Freedom (liberty) — the power or right to act, speak, or think as one wants without hindrance or restraint — is often an ideal laid out in the core philosophies of governments, and it's easy to see why: the opposite is a very undesirable way to live. Very few people — if any — truly desire to be caged or controlled by others against their will; and yet, even progressive nations around the world struggle with the notion of freedom. The concept is perhaps more subtle than one might initially realize. First of all, freedom can only realistically extend as far as not impinging upon someone else's freedom. For example: you may wish to have the freedom to walk where you to. While generally no one would have any issue with that, most people would agree that such freedom does not extend to being able to walk into other people's homes without their permission. At the national level, many countries go a step further by making laws requiring certain behaviors (i.e. restricting your freedom) for our own protection. For example, in many places in the United States you are not free to drive a car without wearing a seatbelt; in fact, you can be fined or even jailed if you do not. The reasoning behind these laws is that wearing seatbelts can reduce the chances you are killed in the event of a car accident, and the lawmakers who established those laws believe it is the place of the government to decide for people what kind of risks they should take (especially in the context of many people lacking an awareness and understanding of the issues at hand to make informed decisions for themselves). It is not an unreasonable position to take, but it's messy: there are a great many things people are uninformed about which under such a principle invariably leads to many laws restricting people's freedom "for their own protection". Not only does this take a great deal of time to do, they are also usually far from perfectly designed and they will tend to "overreach" because they do not consider nuance. Continuing with the seatbelt example: what if you are driving in a place far from any other traffic at slow speeds where the risk of an accident is minimal? Surely then it must be okay to not have to wear a seatbelt. What's more, what if you are informed about the issue at hand, shouldn't you get a choice as to whether to wear a seatbelt or not? And what about in the future when most people are educated/informed enough? Do you then repeal the law and let people choose on their own? And we haven't even begun to address the other issue of special interest groups and corporations getting involved in lawmaking: for example, it is entirely legal for most adults to buy and smoke cigarettes in most parts of the world, and yet it is widely known that cigarettes are very bad for one's health. If lawmakers believe governments have the responsibility to make laws protecting people from their own bad (uninformed) decisions, why do they allow some clearly bad things and not others? This messiness is why at Infinite Love our prevailing belief is that freedom should be maximized without restriction (again, except where one's freedom impinges upon someone else's freedom), and instead of creating law after law preventing people from doing this and that, we believe it is much more effective to simply educate people on the matters at hand and let them make their own choice.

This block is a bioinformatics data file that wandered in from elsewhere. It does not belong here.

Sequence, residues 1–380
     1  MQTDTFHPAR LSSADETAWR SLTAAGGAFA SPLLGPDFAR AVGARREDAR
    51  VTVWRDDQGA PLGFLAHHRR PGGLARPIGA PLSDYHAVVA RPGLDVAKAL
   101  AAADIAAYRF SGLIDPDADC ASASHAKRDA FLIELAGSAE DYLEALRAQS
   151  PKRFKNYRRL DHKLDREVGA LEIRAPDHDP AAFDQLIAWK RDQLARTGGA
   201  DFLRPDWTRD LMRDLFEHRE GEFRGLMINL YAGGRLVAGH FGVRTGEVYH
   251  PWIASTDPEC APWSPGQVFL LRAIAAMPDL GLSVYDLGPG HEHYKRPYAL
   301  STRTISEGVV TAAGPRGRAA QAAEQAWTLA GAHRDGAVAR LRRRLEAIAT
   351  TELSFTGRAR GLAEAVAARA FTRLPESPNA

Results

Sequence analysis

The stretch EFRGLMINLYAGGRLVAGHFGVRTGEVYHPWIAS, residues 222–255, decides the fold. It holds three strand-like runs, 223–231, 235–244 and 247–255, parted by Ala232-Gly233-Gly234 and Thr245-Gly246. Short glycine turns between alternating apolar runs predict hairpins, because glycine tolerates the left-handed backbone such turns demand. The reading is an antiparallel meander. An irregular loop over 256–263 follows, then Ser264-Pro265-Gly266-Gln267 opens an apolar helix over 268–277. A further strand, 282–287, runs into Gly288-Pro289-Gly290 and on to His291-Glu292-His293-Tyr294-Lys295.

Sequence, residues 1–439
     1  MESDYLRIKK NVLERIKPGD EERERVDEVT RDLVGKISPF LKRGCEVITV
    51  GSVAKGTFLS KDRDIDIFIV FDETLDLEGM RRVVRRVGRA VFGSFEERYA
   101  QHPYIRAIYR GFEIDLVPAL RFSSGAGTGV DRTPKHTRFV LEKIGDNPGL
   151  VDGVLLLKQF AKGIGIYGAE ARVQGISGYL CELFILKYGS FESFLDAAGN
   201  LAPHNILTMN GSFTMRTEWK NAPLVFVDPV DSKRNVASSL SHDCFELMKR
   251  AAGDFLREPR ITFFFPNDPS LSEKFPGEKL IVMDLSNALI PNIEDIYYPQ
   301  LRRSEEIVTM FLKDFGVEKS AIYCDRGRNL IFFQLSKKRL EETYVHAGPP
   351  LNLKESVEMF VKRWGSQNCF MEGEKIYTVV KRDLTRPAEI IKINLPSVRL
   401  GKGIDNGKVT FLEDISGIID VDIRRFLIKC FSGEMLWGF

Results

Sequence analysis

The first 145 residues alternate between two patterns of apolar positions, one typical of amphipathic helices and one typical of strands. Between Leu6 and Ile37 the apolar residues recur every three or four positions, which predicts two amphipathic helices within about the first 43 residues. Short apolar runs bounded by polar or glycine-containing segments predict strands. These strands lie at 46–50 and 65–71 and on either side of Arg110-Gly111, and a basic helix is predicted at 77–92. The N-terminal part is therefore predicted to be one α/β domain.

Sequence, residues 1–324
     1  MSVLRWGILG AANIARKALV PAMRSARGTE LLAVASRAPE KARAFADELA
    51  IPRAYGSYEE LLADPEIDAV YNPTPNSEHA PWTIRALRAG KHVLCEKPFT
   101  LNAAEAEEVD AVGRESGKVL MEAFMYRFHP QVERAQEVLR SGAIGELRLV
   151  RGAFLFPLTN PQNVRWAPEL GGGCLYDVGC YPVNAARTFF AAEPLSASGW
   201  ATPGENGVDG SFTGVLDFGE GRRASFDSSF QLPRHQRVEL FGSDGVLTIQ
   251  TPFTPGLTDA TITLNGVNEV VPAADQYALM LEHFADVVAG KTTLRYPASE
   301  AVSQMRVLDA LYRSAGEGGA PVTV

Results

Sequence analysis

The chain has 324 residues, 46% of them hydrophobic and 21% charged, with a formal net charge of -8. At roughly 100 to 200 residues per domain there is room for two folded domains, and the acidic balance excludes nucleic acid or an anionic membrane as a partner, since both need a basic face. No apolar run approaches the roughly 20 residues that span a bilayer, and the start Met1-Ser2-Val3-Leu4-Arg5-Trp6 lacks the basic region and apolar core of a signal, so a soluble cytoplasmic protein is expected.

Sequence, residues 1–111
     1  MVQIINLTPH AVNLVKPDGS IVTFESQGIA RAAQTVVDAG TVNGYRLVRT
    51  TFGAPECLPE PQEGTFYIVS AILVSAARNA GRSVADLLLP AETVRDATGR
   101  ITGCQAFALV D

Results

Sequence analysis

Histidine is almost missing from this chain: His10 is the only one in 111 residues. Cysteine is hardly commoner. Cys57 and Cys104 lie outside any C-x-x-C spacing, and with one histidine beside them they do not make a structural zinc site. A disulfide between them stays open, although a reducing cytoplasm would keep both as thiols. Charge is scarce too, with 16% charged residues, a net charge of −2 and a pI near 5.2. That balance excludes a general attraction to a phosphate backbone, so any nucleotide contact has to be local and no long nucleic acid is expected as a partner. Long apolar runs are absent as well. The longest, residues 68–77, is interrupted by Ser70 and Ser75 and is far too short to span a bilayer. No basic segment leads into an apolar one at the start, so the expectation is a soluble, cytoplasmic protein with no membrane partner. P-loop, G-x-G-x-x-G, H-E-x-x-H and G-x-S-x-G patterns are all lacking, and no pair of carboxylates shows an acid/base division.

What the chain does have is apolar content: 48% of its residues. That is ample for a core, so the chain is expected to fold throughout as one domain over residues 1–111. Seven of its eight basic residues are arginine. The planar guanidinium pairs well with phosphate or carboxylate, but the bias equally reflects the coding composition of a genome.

Current world issues this relates to